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Using Big Tobacco’s Playbook to hook a new generation

29 May 2020
Michel Lendre, Associate director, Corporate accountability

Michél Legendre, Associate Campaign Director

Corporate Accountability

The 2014 documentary Merchants of Doubt, based on the book of the same name by Naomi Oreskes and Erik M. Conway, highlights the connections between the tactics used by the fossil fuel industry, including its climate denial and misinformation campaigns, and those long wielded by the tobacco industry. The difference was that the tobacco industry’s tactics, commonly referred to as its Playbook, have been known for decades. The sheer breadth of the industry’s deceptive Playbook tactics was exposed when tens of thousands of internal industry documents were made public through the 1998 Masters Settlement Agreement.

The Big Tobacco Playbook has been implemented by a number of other industries, from Oil to Soda companies, to ensure profit maximisation despite the profound harm their products cause. The Playbook has become a how-to guide to deceive the public about the dangerous products they peddle while padding profits. For example, the fossil fuel industry has used the Playbook to sow doubt about established scientific fact, mislead regulators with deceptive schemes masquerading as actual solutions, and skirt regulations that would otherwise reduce emissions, protect public health, and halt community and habitat destruction. Likewise, Big Soda has relied heavily on the youth marketing tactics that hook kids at a young age and thus often for a lifetime. This ultimately results in life-long affinity to sugary drinks and enables the often-dire food-related diseases that follow.

To make matters worse, despite being widely exposed for its cynical, deadly tactics, the tobacco industry has continued to refine the Playbook for its own ends. Recently it revamped its strategy to target and hook a new generation of potential consumers and to mislead a new generation of regulators. E-cigarettes, for example, have had devastating health consequences across the U.S., so much so that the liability of Juul is investigated by public officials. In fact, Juul’s implementation of the tobacco industry’s playbook was one of the first widely noted features of its marketing when investigations into the nicotine corporation began.

Juul was not the only corporation, however, to peddle a so-called ‘solution’ to the devastating impacts of tobacco. Traditional Big Tobacco corporations like Philip Morris International (PMI) and British American Tobacco have also jumped on the bandwagon. Like the e-cigarette vaping trend, their addictive heat-not-burn products are pushed through slick, misleading marketing campaigns that try to label themselves as so-called “harm reduction” products. These products continue the Playbook’s tradition of trying to make a false solution appear genuine, so as to hook a new generation and produce enough misinformation that regulators unwittingly pass policies that effectively bolster tobacco industry priorities at the expense of people’s health.

With heat-not-burn, vaping and other novel and new tobacco products, the industry seeks new methods to acquire new life-long customers. This strategy is important since cigarette sales have been steadily declining since the introduction of the Global Tobacco Treaty and the resulting stronger public health regulations globally. Again, this strategy is also nothing new. When traditional cigarette sales previously faced a decline, the tobacco industry rolled out a new batch of products, which it presented as investments in people’s well-being. Look no further than the “Light & Mild” and filtered cigarette eras, when Big Tobacco—like today—peddled false solutions with marginal or no health benefits.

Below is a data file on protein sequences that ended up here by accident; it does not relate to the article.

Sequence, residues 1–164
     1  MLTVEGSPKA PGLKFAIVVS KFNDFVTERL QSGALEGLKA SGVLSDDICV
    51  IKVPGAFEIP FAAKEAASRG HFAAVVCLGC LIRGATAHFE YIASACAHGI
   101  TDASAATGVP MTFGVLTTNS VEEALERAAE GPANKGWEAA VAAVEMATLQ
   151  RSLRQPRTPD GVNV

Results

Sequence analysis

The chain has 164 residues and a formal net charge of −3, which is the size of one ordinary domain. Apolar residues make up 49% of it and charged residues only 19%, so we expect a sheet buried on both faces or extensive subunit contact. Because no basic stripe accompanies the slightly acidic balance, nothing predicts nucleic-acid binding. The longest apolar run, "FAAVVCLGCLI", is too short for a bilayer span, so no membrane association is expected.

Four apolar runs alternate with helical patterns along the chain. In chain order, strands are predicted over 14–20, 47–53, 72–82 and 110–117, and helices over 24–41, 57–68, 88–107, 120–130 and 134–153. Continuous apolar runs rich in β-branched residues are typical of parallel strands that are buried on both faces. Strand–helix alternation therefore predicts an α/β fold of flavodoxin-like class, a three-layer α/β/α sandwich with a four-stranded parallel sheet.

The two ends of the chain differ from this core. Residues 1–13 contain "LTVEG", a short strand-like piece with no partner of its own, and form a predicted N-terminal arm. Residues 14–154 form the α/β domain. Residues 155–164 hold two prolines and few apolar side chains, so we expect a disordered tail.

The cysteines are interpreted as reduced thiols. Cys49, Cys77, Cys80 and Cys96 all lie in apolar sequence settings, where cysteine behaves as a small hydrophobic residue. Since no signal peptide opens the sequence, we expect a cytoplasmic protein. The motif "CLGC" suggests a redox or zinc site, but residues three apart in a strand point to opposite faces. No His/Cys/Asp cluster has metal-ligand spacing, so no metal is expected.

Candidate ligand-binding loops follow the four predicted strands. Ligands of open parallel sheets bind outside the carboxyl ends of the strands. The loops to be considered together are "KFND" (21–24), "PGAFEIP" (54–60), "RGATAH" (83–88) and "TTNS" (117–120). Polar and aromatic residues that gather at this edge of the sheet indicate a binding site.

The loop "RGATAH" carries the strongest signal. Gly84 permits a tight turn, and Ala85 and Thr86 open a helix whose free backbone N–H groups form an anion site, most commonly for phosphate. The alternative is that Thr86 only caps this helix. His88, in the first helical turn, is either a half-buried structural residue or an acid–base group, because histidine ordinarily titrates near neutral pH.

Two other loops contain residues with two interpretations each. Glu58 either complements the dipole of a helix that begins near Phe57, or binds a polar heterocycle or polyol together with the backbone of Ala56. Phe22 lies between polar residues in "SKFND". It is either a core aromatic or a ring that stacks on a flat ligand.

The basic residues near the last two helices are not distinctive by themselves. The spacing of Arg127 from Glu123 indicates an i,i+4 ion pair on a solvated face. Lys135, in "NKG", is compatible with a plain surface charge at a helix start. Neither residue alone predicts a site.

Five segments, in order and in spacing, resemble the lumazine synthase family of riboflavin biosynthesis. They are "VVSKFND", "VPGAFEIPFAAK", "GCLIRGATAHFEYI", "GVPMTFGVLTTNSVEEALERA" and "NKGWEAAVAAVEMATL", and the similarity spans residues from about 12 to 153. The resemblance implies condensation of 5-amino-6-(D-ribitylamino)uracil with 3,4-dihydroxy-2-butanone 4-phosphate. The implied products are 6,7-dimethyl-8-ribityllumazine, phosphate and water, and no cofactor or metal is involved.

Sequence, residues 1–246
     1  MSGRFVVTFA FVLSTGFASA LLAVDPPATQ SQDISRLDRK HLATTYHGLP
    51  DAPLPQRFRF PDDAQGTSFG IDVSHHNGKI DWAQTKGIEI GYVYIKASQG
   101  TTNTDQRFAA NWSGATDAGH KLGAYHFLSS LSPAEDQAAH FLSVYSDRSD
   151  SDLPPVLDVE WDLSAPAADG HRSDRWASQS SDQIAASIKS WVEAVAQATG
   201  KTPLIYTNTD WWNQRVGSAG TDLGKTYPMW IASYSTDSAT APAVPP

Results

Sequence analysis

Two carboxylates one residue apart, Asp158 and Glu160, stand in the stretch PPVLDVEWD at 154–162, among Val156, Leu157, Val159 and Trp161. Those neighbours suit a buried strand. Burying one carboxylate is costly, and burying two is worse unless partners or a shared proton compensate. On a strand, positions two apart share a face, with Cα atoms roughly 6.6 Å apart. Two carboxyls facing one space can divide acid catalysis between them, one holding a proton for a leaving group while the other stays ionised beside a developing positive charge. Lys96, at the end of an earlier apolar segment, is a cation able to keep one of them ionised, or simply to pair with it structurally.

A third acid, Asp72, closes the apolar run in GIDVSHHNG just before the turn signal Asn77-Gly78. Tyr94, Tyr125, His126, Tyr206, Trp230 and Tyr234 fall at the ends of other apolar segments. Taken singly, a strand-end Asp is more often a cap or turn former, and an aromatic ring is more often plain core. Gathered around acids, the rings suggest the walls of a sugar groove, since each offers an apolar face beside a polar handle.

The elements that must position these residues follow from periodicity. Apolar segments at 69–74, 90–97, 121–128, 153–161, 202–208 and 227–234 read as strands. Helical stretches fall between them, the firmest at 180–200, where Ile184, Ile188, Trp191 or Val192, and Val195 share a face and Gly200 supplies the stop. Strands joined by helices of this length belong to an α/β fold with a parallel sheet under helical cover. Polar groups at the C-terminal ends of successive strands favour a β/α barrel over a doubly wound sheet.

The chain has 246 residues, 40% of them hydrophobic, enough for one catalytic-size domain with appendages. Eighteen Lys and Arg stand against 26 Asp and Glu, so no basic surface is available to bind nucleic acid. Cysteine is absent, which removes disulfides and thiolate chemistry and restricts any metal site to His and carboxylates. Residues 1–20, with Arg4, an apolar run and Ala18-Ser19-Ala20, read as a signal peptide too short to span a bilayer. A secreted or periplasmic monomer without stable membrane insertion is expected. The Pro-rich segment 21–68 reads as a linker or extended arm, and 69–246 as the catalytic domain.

Today, the industry continues to promote so-called “harm reduction” products to a new generation. What they’ve removed from this seemingly benevolent narrative is any indication of moving toward a tobacco-free generation altogether. PMI consistently touts the USD6bn spent on research and development for IQOS. What it won’t mention is that it continues to spend money on the research and development of new traditional cigarette products. Just last year, the PMI-owned Sampoerna released a new clove cigarette in a  country already overrun by tobacco addiction.

The tobacco industry claims it cares and is turning over a new leaf. Yet public health regulations protecting people from tobacco products directly conflict with Big Tobacco's overriding priority: to maximise profits for its shareholders. We need to look no further than its recent moves during the COVID-19 pandemic. Whether only temporarily closing manufacturing facilities in Bologna at the height of COVID-19 deaths in Italy or denying the scientific links between tobacco use and COVID-19—a virus characterized by respiratory symptoms—Big Tobacco’s primary focus is enslaving a new generation to guarantee its profit pipeline despite the harm it causes.

About the author

Michél Legendre is the Associate Campaign Director at Corporate Accountability. Michél has supported organizing in local coalitions for Environmental and Climate Justice movements, in international organizing with civil society organisations at the international negotiations of the UN Framework Convention on Climate Change, and most recently supporting governments and civil society organizations in developing and implementing the WHO Framework Convention on Tobacco Control. Corporate Accountability's tobacco campaign focuses on monitoring, exposing, and challenging the tobacco industry globally.

Last update: 
Monday 9 November 2020
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